Now let’s circle back to the original issue over whether this system is unfair and take a look at potential second round matchups:

(This assumes the same teams would have advanced in the East)

Eastern Conference
1. Washington vs. 6. Tampa Bay
2. Pittsburgh vs. 5. New York Islanders

With all due respect to Tampa Bay, a Lightning team without Steven Stamkos would have been a much easier matchup for the Caps than the Penguins. You can’t assume Washington would have won, but they certainly would have had a better chance of getting over that second round hurdle.

As we saw this year, it also can become pretty clear that one side of the bracket is much lighter than the other. The Islanders essetially dressed its B-team on the final day of the season, presumably so the team could lose its final game and avoid jumping the Rangers in the standings. That put the Islanders in the wild card in the Atlantic bracket instead of the loaded Metropolitan.

There is no system that can completely prevent teams from trying to position themselves for the best first round matchup, but the former system made it difficult to project who a team would play in the second and third round and also disincentivized teams dropping in the standings because it meant playing a higher seed in the second round.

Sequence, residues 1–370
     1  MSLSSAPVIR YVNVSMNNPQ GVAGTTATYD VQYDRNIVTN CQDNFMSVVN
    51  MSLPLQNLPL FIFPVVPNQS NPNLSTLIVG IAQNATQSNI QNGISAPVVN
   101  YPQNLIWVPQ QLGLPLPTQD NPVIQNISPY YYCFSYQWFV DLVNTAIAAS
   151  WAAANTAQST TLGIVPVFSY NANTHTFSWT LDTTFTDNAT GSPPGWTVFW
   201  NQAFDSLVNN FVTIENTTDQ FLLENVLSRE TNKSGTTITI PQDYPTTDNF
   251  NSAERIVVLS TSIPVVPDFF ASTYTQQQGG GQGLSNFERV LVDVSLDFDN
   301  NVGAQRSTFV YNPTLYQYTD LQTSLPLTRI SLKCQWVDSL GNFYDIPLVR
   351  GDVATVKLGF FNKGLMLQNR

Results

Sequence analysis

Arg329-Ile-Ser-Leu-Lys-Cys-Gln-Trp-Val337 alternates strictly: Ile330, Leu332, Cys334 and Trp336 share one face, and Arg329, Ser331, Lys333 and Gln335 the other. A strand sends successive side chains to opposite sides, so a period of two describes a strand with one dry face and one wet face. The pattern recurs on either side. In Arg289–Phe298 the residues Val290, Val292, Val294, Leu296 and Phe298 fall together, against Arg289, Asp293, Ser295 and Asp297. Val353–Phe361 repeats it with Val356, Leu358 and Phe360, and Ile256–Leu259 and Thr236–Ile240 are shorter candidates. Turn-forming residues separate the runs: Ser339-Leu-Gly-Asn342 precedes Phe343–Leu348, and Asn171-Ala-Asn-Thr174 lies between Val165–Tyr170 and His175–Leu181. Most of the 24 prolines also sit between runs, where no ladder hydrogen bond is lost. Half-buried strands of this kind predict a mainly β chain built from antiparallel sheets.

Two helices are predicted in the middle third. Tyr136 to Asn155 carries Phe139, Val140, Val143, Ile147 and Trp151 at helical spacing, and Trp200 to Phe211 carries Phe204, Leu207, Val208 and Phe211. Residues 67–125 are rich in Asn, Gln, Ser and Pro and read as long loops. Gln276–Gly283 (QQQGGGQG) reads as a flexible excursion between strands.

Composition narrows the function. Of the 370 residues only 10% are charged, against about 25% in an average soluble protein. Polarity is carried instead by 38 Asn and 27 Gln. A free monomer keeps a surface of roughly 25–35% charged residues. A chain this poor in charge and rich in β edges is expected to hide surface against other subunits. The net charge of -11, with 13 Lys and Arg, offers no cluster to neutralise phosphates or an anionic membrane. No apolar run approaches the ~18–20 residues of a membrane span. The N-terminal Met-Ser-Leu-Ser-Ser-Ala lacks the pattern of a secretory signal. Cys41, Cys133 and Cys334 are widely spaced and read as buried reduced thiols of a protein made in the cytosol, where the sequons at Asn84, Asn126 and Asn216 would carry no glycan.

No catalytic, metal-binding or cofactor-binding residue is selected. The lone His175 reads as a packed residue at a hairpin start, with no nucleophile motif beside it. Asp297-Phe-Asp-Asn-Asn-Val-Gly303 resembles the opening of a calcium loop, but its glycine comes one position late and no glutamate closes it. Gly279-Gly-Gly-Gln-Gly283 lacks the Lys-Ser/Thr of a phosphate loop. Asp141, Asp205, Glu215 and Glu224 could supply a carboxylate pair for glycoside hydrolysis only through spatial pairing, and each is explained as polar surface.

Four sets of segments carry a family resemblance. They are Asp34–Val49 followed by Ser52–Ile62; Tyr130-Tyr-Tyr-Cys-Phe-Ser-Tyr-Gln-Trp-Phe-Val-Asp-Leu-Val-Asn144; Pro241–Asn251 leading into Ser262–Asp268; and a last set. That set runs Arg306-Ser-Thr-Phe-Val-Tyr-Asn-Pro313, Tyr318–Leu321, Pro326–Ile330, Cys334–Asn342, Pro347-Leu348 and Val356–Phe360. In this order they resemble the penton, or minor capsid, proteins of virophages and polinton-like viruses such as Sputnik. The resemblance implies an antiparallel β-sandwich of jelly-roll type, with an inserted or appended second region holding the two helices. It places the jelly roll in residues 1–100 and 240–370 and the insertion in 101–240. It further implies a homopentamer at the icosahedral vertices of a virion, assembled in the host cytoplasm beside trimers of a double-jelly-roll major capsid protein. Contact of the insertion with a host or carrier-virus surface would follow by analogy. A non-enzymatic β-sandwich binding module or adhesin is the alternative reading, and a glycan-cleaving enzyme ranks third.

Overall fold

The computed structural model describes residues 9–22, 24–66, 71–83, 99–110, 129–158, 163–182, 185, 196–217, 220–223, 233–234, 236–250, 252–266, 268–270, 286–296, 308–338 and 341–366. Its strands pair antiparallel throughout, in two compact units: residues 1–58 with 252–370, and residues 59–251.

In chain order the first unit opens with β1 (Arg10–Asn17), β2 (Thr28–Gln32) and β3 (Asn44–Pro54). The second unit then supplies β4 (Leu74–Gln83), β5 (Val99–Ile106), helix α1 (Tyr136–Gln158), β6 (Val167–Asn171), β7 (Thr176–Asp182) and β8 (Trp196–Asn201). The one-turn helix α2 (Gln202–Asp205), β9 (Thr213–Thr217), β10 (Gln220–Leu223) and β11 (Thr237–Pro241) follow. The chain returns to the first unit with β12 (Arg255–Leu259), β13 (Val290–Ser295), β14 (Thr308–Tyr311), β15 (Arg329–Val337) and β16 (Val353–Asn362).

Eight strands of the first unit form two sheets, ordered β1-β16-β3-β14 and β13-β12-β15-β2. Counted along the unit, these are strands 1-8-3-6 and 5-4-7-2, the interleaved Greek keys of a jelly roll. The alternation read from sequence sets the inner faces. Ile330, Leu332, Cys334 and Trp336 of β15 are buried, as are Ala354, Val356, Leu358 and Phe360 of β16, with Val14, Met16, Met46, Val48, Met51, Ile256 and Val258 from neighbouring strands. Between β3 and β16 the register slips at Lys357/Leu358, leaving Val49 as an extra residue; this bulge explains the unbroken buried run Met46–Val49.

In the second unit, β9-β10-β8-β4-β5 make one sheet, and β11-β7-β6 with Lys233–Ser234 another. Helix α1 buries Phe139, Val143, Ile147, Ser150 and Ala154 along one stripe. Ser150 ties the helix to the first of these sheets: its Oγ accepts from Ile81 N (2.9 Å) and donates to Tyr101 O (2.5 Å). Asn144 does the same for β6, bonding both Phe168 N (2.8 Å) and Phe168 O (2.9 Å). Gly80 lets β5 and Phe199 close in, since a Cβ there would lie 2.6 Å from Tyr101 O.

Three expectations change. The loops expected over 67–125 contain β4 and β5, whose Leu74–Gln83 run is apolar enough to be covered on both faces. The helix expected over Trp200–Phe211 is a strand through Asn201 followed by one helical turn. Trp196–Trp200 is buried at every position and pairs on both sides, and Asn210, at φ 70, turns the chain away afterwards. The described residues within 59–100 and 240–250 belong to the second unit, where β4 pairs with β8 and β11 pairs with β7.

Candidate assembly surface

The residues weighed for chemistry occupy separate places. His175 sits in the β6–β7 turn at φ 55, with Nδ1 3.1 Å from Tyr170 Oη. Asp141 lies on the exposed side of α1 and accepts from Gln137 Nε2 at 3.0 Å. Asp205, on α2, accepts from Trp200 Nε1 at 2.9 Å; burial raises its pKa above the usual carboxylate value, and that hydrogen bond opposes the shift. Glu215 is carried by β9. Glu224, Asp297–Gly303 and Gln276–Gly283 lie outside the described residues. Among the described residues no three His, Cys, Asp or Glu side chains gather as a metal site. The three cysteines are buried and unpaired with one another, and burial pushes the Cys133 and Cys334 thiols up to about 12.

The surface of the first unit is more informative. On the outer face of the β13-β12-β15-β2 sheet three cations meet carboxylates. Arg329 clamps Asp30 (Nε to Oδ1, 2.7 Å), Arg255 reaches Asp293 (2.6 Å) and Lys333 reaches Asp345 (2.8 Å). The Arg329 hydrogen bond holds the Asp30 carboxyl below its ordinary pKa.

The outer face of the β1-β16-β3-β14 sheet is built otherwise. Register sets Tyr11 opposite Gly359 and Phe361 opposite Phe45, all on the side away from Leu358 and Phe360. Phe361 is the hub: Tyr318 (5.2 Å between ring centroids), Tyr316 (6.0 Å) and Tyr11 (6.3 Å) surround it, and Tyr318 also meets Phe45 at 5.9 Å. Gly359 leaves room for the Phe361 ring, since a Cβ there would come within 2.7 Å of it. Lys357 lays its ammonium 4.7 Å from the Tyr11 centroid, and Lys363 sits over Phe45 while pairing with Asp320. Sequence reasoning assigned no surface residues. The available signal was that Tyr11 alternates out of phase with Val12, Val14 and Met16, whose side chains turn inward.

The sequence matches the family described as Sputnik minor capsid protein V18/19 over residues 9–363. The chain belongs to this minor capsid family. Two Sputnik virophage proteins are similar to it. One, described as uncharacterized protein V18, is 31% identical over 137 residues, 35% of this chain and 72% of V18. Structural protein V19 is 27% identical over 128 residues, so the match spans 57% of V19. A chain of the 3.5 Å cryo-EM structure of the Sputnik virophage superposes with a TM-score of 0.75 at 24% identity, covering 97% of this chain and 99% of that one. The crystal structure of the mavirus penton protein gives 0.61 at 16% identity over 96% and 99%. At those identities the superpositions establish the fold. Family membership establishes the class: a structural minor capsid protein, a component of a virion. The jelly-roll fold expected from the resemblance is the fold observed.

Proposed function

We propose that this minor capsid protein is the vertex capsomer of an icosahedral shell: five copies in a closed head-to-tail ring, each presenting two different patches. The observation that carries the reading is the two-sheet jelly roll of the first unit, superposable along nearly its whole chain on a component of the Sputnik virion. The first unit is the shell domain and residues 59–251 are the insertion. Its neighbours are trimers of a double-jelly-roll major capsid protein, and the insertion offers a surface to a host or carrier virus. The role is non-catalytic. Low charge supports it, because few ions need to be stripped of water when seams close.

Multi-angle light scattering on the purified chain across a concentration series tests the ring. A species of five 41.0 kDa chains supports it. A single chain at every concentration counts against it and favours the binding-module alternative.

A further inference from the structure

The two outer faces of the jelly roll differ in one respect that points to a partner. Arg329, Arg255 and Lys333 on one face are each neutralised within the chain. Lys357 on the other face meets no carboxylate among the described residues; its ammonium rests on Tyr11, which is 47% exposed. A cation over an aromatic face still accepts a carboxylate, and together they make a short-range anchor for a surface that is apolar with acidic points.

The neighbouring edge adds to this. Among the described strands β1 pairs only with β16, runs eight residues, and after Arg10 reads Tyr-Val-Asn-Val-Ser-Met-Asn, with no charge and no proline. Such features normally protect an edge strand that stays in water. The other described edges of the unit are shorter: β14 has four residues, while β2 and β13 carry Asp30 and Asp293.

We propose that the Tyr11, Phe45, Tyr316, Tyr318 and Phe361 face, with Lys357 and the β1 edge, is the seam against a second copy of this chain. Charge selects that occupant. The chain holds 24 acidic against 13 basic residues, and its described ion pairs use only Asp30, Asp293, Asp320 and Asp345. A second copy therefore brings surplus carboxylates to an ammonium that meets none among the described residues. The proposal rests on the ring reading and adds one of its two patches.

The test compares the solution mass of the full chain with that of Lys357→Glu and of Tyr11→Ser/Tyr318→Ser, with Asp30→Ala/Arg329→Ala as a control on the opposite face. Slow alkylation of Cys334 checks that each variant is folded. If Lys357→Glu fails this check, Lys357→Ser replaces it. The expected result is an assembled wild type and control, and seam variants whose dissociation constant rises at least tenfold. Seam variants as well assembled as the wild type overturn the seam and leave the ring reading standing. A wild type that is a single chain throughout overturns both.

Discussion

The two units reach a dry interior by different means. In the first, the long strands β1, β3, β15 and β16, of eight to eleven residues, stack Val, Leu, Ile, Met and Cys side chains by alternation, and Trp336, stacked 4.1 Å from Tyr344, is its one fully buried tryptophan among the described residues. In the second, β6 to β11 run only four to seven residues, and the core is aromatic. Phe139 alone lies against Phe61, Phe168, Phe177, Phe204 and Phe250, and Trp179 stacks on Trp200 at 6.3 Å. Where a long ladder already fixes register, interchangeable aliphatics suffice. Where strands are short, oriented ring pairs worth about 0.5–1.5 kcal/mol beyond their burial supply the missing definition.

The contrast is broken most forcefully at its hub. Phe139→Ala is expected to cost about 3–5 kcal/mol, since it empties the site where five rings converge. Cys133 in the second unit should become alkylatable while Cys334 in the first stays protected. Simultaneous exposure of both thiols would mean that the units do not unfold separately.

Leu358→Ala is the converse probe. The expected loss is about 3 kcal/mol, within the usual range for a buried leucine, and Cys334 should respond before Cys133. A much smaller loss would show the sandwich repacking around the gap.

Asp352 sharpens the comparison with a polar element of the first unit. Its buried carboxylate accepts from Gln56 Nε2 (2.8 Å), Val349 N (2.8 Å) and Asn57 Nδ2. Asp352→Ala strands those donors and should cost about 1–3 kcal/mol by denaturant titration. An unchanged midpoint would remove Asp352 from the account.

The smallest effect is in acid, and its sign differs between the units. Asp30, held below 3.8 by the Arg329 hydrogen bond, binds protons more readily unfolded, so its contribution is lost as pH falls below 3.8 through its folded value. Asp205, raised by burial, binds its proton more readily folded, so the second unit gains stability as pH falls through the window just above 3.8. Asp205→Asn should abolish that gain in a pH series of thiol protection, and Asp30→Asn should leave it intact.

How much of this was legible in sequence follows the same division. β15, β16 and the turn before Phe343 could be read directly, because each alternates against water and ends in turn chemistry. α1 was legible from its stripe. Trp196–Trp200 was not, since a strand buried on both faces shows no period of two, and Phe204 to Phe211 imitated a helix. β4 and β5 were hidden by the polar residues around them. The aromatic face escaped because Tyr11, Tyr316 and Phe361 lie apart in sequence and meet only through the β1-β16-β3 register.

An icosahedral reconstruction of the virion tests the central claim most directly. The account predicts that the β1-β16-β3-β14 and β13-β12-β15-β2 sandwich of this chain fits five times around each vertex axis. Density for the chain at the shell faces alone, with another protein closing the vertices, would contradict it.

So if the new system doesn't promote rivalries any more than previously did and in fact undercuts top teams, then what's the point?

Perhaps the Caps are not the best team to argue the system is unfair (I touched on this yesterday after Trotz’s press conference). For a team with Stanley Cup aspirations it shouldn’t matter when you play Pittsburgh, you still have to beat them. No one is going to feel sorry for a Washington team that has consistently underachieved in the postseason.

But that doesn’t mean Trotz doesn't have a point.